Remnants of a boat wreck recently discovered by a journalist in Alabama may belong to the last ship that transported slaves from Africa to the United States.
Archaeologists and other experts who have examined the remains say it is probably the Clotilda, a ship that was burned and buried after transporting 110 captives to Mobile, Alabama, in 1860.
The men, women and children who arrived on the ship were kidnapped and brought to the United States 59 years after Britain banned the slave trade in its colonies.
The discovery was made by Ben Raines, an investigative and environmental journalist at AL.com, who based his research on historical records and elders’ testimony, according to a report on AL.com.
“What’s left of the ship lies partially buried in mud alongside an island in the lower Mobile-Tensaw Delta, a few miles north of the city of Mobile. The hull is tipped to the port side, which appears almost completely buried in mud. The entire length of the starboard side, however, is almost fully exposed”, Raines wrote.
“The wreck, which is normally underwater, was exposed during extreme low tides brought on by the same weather system that brought the “Bomb Cyclone” to the Eastern Seaboard. Low tide around Mobile was about two and a half feet below normal thanks to north winds that blew for days”.
Taking advantage of the low tides, Raines explored the area, which can only be reached by boat, used a drone to take aerial photos and took his findings to a group of archaeologists at the University of West Florida, in Pensacola. He then ferried the experts to the area. They said that the remains of the ship coincide with the years when the Clotilda was built, and the place where it was found matches the historical records.
The history of the Clotilda has captivated archaeologists and historians for decades. The slavers responsible for the human trafficking ordered that it be burned so that there was no evidence of the trip, since transporting slaves to the U.S. was illegal at that time. The enslaved came from the Kingdom of Dahomey, modern day Benin.
“With the nation edging closer to civil war over the slavery issue, Alabama steamboat captain and plantation owner Timothy Meaher made an infamous bet that he could sneak slaves into the country, right under the noses of federal troops at the twin forts that guarded the mouth of Mobile Bay”, AL.com reported. “Historian Sylvianne Diouf traced the evolution of the wicked scheme and the resulting journey in her excellent book, Dreams of Africa in Alabama, published in 2007.”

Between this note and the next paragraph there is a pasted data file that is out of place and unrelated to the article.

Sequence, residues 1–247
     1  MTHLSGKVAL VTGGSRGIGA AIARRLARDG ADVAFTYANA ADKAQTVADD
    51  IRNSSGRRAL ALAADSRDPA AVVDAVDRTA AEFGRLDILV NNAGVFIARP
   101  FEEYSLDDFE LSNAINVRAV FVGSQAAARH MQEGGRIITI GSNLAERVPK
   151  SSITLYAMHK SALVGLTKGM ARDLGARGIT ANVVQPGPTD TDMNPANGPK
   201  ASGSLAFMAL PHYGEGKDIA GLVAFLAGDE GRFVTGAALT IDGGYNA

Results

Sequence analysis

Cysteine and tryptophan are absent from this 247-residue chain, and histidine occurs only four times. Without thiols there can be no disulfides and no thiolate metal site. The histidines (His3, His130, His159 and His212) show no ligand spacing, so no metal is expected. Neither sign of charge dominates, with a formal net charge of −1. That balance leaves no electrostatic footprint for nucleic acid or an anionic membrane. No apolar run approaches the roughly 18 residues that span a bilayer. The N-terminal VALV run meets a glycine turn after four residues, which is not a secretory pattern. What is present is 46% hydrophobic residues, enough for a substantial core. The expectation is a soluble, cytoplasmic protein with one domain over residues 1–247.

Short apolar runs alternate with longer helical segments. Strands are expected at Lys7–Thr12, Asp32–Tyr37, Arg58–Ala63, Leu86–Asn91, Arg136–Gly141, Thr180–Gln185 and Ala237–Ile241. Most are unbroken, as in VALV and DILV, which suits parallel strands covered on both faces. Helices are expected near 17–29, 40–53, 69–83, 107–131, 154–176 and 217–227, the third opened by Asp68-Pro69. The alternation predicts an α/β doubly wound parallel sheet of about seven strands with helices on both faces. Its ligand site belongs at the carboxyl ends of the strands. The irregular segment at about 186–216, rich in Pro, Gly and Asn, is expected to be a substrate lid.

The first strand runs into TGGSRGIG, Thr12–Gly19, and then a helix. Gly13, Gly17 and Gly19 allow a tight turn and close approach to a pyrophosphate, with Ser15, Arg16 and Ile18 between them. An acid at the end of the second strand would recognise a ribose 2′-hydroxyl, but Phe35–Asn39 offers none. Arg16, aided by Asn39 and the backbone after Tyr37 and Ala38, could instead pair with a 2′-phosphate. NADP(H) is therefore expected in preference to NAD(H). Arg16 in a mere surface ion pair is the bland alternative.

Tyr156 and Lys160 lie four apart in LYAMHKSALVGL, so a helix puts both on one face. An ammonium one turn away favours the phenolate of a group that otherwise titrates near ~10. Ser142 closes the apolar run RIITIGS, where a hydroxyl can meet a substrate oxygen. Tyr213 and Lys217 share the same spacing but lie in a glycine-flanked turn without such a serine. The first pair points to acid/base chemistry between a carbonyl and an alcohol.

Meaher eventually boasted of his deed in statements to a local newspaper.
The people who arrived on the ship were enslaved for five years, until abolition in 1865. After unsuccessfully petitioning Meaher and then the federal government to return them to their country in Africa, members of the group bought land north of Mobile and founded the Africatown community, where descendants of the slaves brought in the Clotilda still live.
The history of the ship was recently featured in “Finding your roots” a PBS series hosted by historian Henry Louis Gates. In an episode that aired in December, popular African American percussionist Questlove (Ahmir Thompson) found out that Charles Lewis, his great great great grandfather, was one of the slaves brought in the Clotilda.
The iconic African American author and anthropologist Zora Neale Hurston conducted a series of interviews with Cudjo Lewis, the last survivor of the Clotilda and finished a book in 1931 but her work was never published. The book will finally be printed nearly a century later, by publishing company HarperCollins. “Barracoon: The Story of the Last Slave” will be on sale in May.
Hurston met Cudjo Lewis in 1927, according to HarperCollins. In a biography of Hurston, author Valerie Boyd wrote: “What moved Hurston most about the old man — whom she always called by his African name, Kossola — was how much he continued to miss his people in (what was then) Nigeria. ‘I lonely for my folks,’ he told her.”
About Cudjo, Hurston wrote: “After 75 years, he still had that tragic sense of loss. That yearning for blood and cultural ties. That sense of mutilation. It gave me something to feel about.”